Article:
Guy Montag is one of the firemen.  Though he can’t always explain why, he doesn’t feel satisfied with his “perfect” life.  Even when his wife Mildred survives an overdose of sleeping pills, Montag can hardly be bothered to react.  Guy has started to have doubts.  When he meets a teenage girl named Clarisse, he’s stunned when she says that she doesn’t care about “how.”  Instead, she cares about “why.”  Guy finds himself intrigued by Clarisse, even if he still finds himself wondering if she’s going to inform on him.

And then there’s Captain Beatty!  Beatty is Montag’s boss but at times, he almost seems to be encouraging Montag to doubt the system.  Beatty even reveals that he used to be an avid reader himself.  Is he sincere when he encourages Montag to read or does he have ulterior motives of his own?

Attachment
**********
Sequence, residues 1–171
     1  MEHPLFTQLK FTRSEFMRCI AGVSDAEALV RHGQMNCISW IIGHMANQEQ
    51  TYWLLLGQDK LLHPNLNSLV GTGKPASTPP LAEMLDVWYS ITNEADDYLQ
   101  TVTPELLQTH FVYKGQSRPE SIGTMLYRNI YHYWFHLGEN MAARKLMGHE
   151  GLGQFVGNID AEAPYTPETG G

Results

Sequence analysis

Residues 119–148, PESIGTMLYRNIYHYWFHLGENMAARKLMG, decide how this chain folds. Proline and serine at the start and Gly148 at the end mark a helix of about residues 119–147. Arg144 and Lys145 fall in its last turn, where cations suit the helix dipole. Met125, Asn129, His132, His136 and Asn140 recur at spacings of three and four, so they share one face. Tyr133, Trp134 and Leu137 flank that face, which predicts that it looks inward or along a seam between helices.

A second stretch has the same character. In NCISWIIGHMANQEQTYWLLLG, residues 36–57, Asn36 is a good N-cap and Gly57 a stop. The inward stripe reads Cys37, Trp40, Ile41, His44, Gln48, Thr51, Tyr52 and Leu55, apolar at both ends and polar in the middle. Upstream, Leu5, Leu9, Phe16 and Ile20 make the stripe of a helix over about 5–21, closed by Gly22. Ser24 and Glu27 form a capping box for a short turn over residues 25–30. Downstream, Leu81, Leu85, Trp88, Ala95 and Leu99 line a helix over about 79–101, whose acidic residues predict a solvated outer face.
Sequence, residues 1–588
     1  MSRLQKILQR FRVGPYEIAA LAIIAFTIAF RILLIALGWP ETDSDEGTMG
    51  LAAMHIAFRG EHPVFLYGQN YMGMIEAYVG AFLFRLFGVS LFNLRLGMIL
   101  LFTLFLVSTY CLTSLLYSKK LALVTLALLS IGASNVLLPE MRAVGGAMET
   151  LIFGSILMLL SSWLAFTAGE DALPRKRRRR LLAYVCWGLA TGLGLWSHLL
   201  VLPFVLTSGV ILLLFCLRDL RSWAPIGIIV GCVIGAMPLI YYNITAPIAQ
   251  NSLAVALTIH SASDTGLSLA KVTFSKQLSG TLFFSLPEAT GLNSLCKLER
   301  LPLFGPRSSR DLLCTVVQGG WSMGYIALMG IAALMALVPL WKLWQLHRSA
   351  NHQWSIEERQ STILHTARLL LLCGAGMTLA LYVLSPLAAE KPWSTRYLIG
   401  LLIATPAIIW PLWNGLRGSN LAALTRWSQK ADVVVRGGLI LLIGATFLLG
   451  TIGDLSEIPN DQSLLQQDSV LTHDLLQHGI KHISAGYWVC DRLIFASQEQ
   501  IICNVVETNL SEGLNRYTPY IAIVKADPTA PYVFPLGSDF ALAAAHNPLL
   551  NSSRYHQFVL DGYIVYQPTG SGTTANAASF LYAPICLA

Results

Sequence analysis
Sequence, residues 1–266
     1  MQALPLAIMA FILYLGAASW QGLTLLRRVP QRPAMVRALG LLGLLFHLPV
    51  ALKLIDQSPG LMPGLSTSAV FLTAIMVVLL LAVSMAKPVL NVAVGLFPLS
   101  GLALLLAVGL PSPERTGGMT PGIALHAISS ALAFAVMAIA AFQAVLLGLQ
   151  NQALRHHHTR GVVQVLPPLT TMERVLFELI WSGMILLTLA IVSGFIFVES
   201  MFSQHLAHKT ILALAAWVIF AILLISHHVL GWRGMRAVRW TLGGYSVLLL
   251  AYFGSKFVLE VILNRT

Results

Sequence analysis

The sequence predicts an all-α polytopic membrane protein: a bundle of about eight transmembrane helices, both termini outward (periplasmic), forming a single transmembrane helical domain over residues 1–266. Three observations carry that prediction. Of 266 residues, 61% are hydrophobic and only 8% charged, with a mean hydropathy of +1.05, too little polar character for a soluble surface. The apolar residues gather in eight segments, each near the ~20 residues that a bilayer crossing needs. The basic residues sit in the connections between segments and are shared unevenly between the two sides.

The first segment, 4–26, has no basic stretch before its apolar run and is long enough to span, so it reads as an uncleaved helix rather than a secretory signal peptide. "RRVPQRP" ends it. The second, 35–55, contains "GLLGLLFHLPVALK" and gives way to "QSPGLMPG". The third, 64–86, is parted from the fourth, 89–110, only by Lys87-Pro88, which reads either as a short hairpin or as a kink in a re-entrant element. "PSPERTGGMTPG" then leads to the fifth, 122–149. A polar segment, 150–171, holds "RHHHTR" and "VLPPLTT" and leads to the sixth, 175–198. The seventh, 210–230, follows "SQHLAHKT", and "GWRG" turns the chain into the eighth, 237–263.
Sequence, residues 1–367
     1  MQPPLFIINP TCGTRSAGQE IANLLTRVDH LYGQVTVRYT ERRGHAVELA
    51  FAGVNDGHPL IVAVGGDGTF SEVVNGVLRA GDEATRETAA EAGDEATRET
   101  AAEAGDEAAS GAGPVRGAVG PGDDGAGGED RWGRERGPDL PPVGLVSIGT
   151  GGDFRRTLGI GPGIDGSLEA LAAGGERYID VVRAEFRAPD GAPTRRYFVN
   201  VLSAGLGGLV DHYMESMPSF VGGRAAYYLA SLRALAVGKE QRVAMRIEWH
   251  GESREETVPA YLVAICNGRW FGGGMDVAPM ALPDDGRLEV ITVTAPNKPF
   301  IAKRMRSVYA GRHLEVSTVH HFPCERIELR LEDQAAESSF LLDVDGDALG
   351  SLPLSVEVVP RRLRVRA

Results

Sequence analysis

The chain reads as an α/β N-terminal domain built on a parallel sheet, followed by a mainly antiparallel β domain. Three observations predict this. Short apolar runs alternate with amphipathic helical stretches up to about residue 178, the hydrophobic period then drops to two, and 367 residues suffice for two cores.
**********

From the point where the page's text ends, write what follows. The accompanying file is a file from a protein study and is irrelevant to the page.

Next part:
Fahrenheit 451 holds up remarkably well.  True, some of the dialogue is a bit clunky and things slow down a bit whenever Montag interacts with Faber, a former English professor.  But, much like Orwell’s 1984, the book’s central theme remains relevant today.  Right now, there are people on both the Right and the Left who would happily burn books if it meant doing away with ideas and opinions with which they disagree.  (I imagine even some of our self-righteous centrists would be more than willing to burn a book or two in the name of bipartisanship.)  Democracy dies not in darkness but in ignorance and the best way to keep a population ignorant is to not only burn anything that challenges the state but to also ridicule the very idea of thinking for one’s self.  That is the society that Bradbury portrays in Fahrenheit 451 and it’s one that feels very much like our own.

One final note: I found my copy of this book at Half-Price Books last December.  The copy that I found once belonged to a student named Ashley and she filled the margins with notes about her friends Taylor and Sidney.  At the start of the book, they were best friends.  About halfway through, she suddenly hated both of them but, by the end of the book, they were friends again.  Yay!